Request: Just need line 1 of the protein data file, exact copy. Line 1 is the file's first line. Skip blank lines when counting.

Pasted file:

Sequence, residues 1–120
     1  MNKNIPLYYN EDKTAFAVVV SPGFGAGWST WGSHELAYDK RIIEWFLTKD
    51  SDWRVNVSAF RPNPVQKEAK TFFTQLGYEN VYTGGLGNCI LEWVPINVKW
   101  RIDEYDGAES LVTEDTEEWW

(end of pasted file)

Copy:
Sequence, residues 1–120